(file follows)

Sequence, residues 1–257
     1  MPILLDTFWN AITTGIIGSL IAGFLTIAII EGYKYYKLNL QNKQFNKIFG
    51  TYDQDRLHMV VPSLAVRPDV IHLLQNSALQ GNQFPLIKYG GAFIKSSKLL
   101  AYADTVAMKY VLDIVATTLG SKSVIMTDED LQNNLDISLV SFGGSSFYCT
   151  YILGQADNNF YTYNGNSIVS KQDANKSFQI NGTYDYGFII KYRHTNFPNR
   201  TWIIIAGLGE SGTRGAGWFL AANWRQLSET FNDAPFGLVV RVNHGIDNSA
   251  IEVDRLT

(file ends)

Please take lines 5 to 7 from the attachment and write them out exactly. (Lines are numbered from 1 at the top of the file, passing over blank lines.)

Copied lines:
   151  YILGQADNNF YTYNGNSIVS KQDANKSFQI NGTYDYGFII KYRHTNFPNR
   201  TWIIIAGLGE SGTRGAGWFL AANWRQLSET FNDAPFGLVV RVNHGIDNSA
   251  IEVDRLT